Cowell's signature phrase, "I don't mean to be rude, but …", was usually inevitably followed by an unsparingly blunt appraisal of the contestant's talents, personality, or physical appearance.
But when it comes to living up to its title — creating a superstar act that captures the imagination of millions — the power of "Idol" has been ebbing for years. (The new season of "Idol" starts Tuesday night (8 p.m. EST.) While the show produced multiplatinum sensations in its earlier days, starting with Kelly Clarkson and ending with Carrie Underwood, recent "Idol" winners or runners-up have not had similar chart success.
Kris Allen, last year's champion, has sold about 200,000 copies of his debut album. And while his "Idol" runner-up, Adam Lambert, provedto be more popular and controversial, even his debut hasn't stayed at the top of the charts for long.
"When you start thinking about 'American Idol' as a place that feeds the music business, it's not as much as people think it is," said Howard Benson, who produced the first two CDs for "Idol"-finalist Chris Daughtry's multiplatinum band, Daughtry. "It's fallen off."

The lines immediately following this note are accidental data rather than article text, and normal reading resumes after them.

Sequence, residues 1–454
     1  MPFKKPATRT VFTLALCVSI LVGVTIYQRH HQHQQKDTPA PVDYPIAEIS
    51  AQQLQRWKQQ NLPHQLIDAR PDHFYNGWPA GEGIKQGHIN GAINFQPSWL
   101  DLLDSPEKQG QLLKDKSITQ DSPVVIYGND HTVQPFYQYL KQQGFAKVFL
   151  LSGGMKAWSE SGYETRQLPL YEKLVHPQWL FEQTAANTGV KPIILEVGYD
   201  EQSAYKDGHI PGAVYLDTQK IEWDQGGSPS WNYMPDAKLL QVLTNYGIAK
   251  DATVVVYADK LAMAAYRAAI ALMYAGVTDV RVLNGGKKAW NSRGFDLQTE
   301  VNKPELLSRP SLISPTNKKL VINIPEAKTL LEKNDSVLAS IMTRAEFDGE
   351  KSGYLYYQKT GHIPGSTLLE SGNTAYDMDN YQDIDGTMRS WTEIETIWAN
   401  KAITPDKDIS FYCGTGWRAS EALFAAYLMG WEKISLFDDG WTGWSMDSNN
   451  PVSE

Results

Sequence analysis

Of course, "fallen off" is all relative when you're talking about a show that's been the undisputed ratings champion since it debuted in 2003. It has produced millions and millions in albums sales, Grammy Awards and even an Oscar winner in Jennifer Hudson, who is also a Grammy winner and successful recording artist. Even the also-rans of "Idol" have managed to parlay career success after an "Idol" stint.
"It is by far still the most watched show on TV — even more watched in some years than the Academy Awards and the Grammys or anything like that" says Ann Donahue, senior editor at Billboard magazine. "But actually translating those people who watch the show into buying albums remains difficult.